Newspaper Archive of
Sidney Herald
Sidney , Montana
October 20, 1971     Sidney Herald
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October 20, 1971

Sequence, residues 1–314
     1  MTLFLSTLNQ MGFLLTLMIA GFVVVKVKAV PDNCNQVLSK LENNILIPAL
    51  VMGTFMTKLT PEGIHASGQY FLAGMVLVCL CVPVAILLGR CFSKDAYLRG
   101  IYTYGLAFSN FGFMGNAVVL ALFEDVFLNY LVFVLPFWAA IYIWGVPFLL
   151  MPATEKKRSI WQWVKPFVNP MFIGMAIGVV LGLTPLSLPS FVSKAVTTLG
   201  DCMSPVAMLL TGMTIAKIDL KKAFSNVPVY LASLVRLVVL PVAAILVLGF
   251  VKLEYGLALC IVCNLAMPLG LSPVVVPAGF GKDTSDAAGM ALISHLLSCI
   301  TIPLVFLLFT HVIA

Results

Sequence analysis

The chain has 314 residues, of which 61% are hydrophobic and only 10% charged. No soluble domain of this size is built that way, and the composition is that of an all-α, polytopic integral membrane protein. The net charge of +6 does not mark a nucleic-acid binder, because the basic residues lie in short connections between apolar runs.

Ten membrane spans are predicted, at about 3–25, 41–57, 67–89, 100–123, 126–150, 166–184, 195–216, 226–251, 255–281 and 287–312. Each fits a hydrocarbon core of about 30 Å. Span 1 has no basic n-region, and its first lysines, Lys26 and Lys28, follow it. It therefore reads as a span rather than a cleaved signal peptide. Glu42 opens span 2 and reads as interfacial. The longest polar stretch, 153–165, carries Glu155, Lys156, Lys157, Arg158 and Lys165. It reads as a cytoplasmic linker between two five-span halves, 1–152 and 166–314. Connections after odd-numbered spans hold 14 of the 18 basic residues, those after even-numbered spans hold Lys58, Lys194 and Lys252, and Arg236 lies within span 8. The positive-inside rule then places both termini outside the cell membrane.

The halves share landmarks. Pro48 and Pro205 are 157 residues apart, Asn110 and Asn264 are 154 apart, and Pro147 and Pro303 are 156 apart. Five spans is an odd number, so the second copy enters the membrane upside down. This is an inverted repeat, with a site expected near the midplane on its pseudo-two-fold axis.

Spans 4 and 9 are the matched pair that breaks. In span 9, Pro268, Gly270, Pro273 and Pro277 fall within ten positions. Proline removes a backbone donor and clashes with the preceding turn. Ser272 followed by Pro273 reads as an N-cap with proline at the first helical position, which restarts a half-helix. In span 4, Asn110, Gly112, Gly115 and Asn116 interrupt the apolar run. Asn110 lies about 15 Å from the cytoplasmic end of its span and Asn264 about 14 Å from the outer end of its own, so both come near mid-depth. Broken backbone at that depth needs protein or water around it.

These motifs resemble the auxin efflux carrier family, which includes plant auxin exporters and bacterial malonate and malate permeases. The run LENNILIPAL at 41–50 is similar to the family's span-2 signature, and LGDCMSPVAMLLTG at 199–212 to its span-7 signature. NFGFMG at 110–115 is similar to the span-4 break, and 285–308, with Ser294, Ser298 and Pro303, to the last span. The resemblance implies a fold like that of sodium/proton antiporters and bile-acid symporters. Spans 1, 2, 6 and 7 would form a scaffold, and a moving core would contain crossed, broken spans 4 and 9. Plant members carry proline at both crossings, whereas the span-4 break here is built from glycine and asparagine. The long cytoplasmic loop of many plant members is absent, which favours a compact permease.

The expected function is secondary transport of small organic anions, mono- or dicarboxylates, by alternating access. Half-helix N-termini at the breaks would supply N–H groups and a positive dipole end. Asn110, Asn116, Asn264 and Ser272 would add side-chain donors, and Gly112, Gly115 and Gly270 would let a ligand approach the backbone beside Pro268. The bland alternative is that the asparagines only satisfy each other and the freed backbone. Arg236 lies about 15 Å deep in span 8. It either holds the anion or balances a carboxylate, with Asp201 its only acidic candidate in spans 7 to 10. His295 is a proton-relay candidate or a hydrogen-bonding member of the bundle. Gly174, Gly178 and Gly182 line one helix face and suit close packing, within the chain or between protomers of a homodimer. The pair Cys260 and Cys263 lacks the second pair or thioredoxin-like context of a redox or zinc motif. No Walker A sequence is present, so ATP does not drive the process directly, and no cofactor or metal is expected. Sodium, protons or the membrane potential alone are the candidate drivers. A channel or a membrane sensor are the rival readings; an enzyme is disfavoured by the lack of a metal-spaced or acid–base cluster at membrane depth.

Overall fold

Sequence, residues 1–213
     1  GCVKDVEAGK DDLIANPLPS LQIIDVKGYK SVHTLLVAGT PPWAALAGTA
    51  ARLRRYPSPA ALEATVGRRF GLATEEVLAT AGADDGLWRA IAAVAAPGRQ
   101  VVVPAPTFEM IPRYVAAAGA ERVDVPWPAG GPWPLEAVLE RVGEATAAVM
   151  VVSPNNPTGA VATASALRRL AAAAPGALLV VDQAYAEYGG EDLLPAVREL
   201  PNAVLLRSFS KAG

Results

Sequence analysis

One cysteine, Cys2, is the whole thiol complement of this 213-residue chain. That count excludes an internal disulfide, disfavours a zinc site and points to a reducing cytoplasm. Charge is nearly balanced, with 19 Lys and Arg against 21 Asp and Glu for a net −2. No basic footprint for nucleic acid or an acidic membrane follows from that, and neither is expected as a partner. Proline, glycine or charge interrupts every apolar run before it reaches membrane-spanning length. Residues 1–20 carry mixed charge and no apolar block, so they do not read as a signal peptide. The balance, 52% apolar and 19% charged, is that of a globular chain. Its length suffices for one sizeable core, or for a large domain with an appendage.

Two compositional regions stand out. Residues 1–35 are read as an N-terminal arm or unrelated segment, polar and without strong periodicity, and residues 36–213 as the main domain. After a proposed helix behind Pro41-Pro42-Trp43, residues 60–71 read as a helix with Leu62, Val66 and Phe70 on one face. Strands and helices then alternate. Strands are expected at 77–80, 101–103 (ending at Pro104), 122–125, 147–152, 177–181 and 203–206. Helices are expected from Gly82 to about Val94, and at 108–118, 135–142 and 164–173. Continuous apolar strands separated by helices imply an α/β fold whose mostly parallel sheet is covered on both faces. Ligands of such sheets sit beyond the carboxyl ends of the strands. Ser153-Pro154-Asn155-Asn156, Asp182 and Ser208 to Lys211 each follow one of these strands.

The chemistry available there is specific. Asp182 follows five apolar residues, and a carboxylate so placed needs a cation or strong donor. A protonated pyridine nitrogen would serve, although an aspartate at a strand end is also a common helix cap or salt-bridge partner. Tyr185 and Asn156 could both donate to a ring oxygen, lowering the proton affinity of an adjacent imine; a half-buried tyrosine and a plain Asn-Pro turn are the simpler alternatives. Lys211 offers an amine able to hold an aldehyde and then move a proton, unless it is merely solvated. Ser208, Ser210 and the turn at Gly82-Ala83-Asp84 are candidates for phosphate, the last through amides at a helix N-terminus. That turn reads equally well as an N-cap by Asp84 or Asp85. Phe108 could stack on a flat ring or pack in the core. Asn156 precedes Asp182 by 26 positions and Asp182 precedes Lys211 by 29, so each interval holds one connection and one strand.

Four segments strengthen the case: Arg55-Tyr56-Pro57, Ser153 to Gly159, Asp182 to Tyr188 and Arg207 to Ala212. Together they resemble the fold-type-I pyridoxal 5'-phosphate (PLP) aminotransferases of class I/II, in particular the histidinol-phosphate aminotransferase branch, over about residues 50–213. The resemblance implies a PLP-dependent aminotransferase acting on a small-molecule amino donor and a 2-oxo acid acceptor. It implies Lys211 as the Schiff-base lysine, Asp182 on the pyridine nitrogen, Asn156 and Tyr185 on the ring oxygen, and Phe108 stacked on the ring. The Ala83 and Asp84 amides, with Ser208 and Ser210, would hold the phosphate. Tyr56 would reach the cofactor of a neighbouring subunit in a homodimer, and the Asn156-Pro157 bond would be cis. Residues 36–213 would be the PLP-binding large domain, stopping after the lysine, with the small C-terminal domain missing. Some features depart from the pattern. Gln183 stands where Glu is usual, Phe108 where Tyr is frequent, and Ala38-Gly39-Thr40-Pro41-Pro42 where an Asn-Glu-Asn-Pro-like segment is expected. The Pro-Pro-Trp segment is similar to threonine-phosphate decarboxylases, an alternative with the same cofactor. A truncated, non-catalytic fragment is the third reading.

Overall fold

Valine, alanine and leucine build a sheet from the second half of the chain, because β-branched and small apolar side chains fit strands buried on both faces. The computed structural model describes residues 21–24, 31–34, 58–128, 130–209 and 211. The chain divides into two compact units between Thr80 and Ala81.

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DAY, OCT. 25 WEEK 24- 30 :::..' ii00neg '00erali00 PIONEER AND OFFICIAL NEWSPAPER OF RICHLAND COU NTY "Montana's Top Award Winning Family Newspaper" ::::::::::::::::::::::::::::::::::::::::::::::::::::::::::::::::::::::::::::::::::::::::::::::::::::: !iil SIDNEY AT MILES CITY ! :::: : !i! THIS SATURDAY FOR :.':: !ili LAST FOOTBALL GAME ::::::::::::::::::::::::::::::::::::::::::::::::::::::::::::::::::::::: 42 The Sidney Herald, Sidney, Mont., Wednesday, October 20, 1971 Price 15c st For Sidney Kiwanis princi- H. Bartlett, Presi- in Sidney recently in- of the Sidney is host for the event, slat- Hotel at 7:30 a member of the Club and the organiza- ual convention Calif. more than and profes- in almost 5,800 United States, Wes H. Bartlett Canada, the Latin American countries, the Caribbean, Eu- rope, the Fax East and the South- west Pacific. He has been a Kiwanian for 25 years. The Kiwanis leader is a past president of the Algona Cham- ber of Commerce, the Algona United Fund, the Algona Indus- trial Development Corporation and the Kossuth Community Concert Association. He was a member of the Kossuth County Board of Education for 22years and served as president of the Board for 12. The Kiwanis president oper- ates a retail furniture and floor covering firm in Algona. Bartlett has been active in Boy Scout work for the past 37 years. A former adviser to the Algona Explorer Scout Post, he holds the Silver Beaver Award and membership in the Order of the Arrow. He is an active member of the United Me thodi st Church and has been a lay delegate to its Iowa Area Annual Conference. He has also served as secre- tary - treasurer of the Confer- ence and as a member of its board of trustees. He and his wife, Mary, have two sons and a daughter. Highlights of Bartlett's visit to Sidney include visits from the Canadian Club of Regina and from Willi ston for the Dako- ta District. "ght On E ducation Week of today' s their still too the minimal e Part of marry who and the grow- among the young classes-- will observed here Oct. 24- of year when to come in on Open held at the Senior at the Junior 7:30 and "The hope is that citizens will implement the theme of this year's observance and 'Help Schools Bridge the Gap' between the promise and the performance of the American educational System," says Richard Riedmann, chairman of American Education Week. Riedmann explained t h a t American Education Week has been held annually since 1921. It is under the auspices of the National Education Association, The American Legion, the Na- tional Congress of Parents and Teachers and the U. S. Office of Education. "We want interested parents and citizens to find for them- selves what areas need im- provements and, more impor- tant, what the opportunities are for their implementing needed changes," Riedmann said. Riedmann stressed that citi zens should do more than ob- serve; they should ask ques- tions- of the school board and other officials-- and they should give the officials the bendfit of their recommendations. "At the same time," he said, "citizens should find out who supports and who suppresses r Sparks Interest DITSCHMAN Editor Nere ht as a cure- gathering in Sid- K. Ralston Muse- with the and Arts was the spe- of the meet- the need for for a en- SOciety Board the selec- name -- from other treprets things the way they were," he reminded, "with the objects helping toillustrate that history. And, in order tolive up to its name, your museum and art people must work together for continuity of those illustra- tions." Museum pieces, featuring Ralston's paintings, as well as artifacts similar to his way of Hfe and otherswho settledinthe community, are being collected. Art classes are held in eonjunc- tion with the Center' s activitie s, with Dave Torrence as the in- structor. ART FOR ALL Torrence is the Junior and Senior High art teacher and chairman of the Fine ArtsCom- (Continued on Page 3) t Name Directors New members of the Board of Directors of the Sidney Cham- ber of Commerce, according to John Olson, president, are Jer- ry Butner, Math Dasinger, Bill Smelser, Tony Sundsted and Jim Wood. The new Directors will officially begin their threeyear term in January 1972. educational advancement, and remember the significance of giving support to legislators and political candidates who conscientiously work to im- prove the schools." Weekend Notes Postal Se'r-vices Postmaster E. W. Page an- nounced there will be a cur- tailment of services at the Sid- ney post office during the Vet- eran's Day weekend, Oct. 23- 25. There will be normal serv- ices Oct. 23, with the exception of mail from outlying boxes, which will be picked up only as the foot carriers pass them on their normal delivery rounds. All normal services will be provided Oct. 24. On @etr25, there4ui414e no window services and no deliv- ery oncity, ruralor star routes. The post office lobby will be open from 8 a.m. to 6 p.m. In- coming mail will be worked to the post office boxes and these customers may expect to re- ceive their mail by noon. There will be collection serv- ices starting at 8:15 a.m. All mail collected from the collec- ti0n boxes and maildeposited at the post office prior to 10:20 a.m. will he postmarked and di s- patched the same day-- the only dispatch of the dy. Services will return to nor- mal on Oct. 26. would be a for those with the future, when for a area, s history Lambert Dinner Of Nation' s Chowdown of Bil- from this area, ist ay Montana and Joined forces a site is temporary the ground Community in Sidney. have been ship ;t in- Week,, noted president his 12th year anthropology for a suc- l art center, he active from individ- businesses. volunteer materials." , you a com- It must be sophisticated hi story sto.,, museum in- Philip Kuylen, 7, Sidney, happily joins the gourmet crowd . . . Topped .the whole thing off with lemonade and cherry pie... At the Dinner of Nations in Lambert. He chomped his way through a huge plate full... Then settled back to enjoy that satisfied feel- ing of a job well done! WHAT SNOW? - Everybody said it would. So, they put on their woolie-boolies and waited.., and wait- ed... but the snow didn't come and there they were as the morn dawned crisp but sunny. Not a cloud in the sky. The snowstorm passed them by. Over an inch of rain soaked their sheepskins, but nary a flake of snow. With sheepish expressions they all agreed... they over-dressed for the occasion. Public Meeting Concerns Future By JACKIE ANDERSON Herald Publisher Would you likb to know where you have been.., where you are going.., and why? Local citizenry will have the opportunity to find out on Nov. 9 at a public meeting in the Junior High School in Sidney. All part of a comprehensive study, which began here inJuly, the meeting is a part of the sec- ond stage of the three-phase sur- vey now being conducted by Mor- rison - Maierle, Inc. of Helena. The consulting engineering firm has been working on the study under the direction of the City- Now under waY, the second phase of the study alsoincludes specific planning recommenda- tions for the community. Future desired land use will be a ma- jor consideration. FUTURE YEARS "New and improvedpublic fa- cilities will be considered, which in turn will be the basis for planning capital improve- ments and budgeting for future years," the consultants said. Part of the information re- quired to successfully complete this second stage will begaiued from questionnaires heing sent to city residents and business- men. Recipients of the question- naires are urged toflll them out completely and return the forms promptly. Two vital factors now con- cerning those involved in the study are getting a good return of the questionnaires and anex- eellent turnout at the public meeting. ORDERLY DEVELOPMENT Hopefully, the end result of the study will be, "the sustain- ed action of the city and county governments, as well as the business community, in order for a more orderly development of the area to re suit," hccording to Morrison Maierle, Inc. Simply put, the study should result in some hard and fast rules to apply toward the bet- terment and progressive de- velopment of our community. Do yo * part -- fill out your questionnaire and plan now to attend the public meeting on Nov. 9. Shop For Used D City ning Board, organized about two S ozer years ago, selected the Helena consulting firm to carry outthe By JACKIE ANDERSON the City Council' s regular meet- guidelines future priori- study and formulate general plans on the community' sfuture development. END FIRST PHASE The first phase of the study, now complete, included the preparation of an inventory of existing conditions and facili- ties in the planning area. Ac- cording to Morrison - Maierle, Inc., the first phase, "isintend- ed to point out strong areas as well as deficiencies." Part of the second phase in- chies the Nov. 9 public meet- ing, when study findings, todate, will be set forth by the study group. "Public suggestions and crit- icism will be sought at this meeting to help the planning board and us in making deci- sions regarding later phases of the study," stated the consul- tants. Funds Sought For Pfau Boy Donations are being asked for a fund started for 8 -year- old Tom Pfau, son of ,Mr. and Mrs. Joe Pfau, Sidney, who re- cently underwent major neck surgery at the University of Minnesota Hospital. Funds may' be given at the Peavey Company, East - Mont Enterprises or the VFW Club, all in Sidney, or mailed to Mrs. Don Mann, Sidney, Mont. 59270. Herald Publisher Sidney's new landfill sata- tion project and related topics occupied the major portion of Madness Spree Affects Shopper If the glins don't get you, Moonlight Madness will! So, you might as well gather up the family and cme to Sid- ney for a rollicky, wacky, fun time Oct. 29 and 30, when mer- chants spring their annual Moonlight Madness promotion. This year's bash will feature an auction sale on Saturday, beginning at l0 a.m. Items auc- tioned will be top grade mer-, chandise submitted by partici- pating Sidney merchants. Stores will be open until 10 p.m. on Friday and the word is ',bargains will be real barn- burners." A kiddie parade and costume contesL sponsored by the Ki- wanis Club, will be another Madness highlight. The parade begins at 7 p.m., Friday, at the Courthouse. All Richland Court- ,j, students in first through sixth grade are eligible toenter both the events. Prizes will be awarded and treats will be serv- ed following the parade through town. Come early, stay late and bring your family, friends and neighbors to the mad, mad- spree. It's fun to shop in Sidney! ing, Monday night. The new landfill, located just east of the old dumlground site, is operational for city garbage trucks only. The old dump- ground is still open for public use, according to Harold Mer- cer, director of public works, Sidney. The new landfill site will be open for public use when the city acquires the proper equip- ment to conduc the landfill op- eration at full capacity. NEW DOZER Council members agreed to appropriate $20,000 for the pur- chase of a used D-7 or D-8 doz- er for use at the landfill. The new appropriation was allowed when Council learned the origin- al sum of $15,000 was not ade- quate to buy the required equip- ment. Mercer informed the Council that the bid lettiag on the high- way project, southofSidney, has been delayed again. The State Highway Commission has post- ported the letting until January. The City Council, along with Sen, C. R. Thiessen, wrote let- ters of protest to the Montana Highway Commission. A planning study, presently under way in the area under the auspices of the City- County Planning Board, was also dis- cussed. Morrison - Malerle Inc., a consulting engineer firm from Helena, is conducting the study. The three-phase study is now in the second stage, coun- cil members were informed. Mercer told the group the study, when complete, should afford the Council some concrete ties and goals in city plarming. PUBLIC MEETING A public meeting concerning the comprehensive study is set for Tuesday night, Nov. 9, at the Junior High School in Sidney. Mercer urged council members to encourage Sidney citizens to attend this meeting. "It is vital that citizens have a voice in this study, Without a good turnout at the meeting, the success of the study will be jeopardized," Mercer caution- ed. The questionnaires being sent to Sidney residents and busi- nessmen are also part of the comprehensive study, Mercer pointed out. Other business matters dis- cussed included the drainage problem in the city, created when storm sewers are plug- ged. Ghosts, Goblins The Sidney Kiwanis club's Boys and Girls Committee is sponsoring the annual Hallo- ween costume contest, allRlch- land County students in first through sixth grade are eligi- ble. There will be prizes award- ed in two categories; most au- thentic and the spookiest. Priz- es will belven to the first five places m each category. Students interested in enter- ing, should meet at the Court- house at 6 p.m., Oct. 29, for the parade through town. Delivery 1405 Clean Clothes Last Longer [Sa.,,o.] Sidney Cleaners. t and Laundry "Your Sanitone Certified Master Dry Cleaners" 2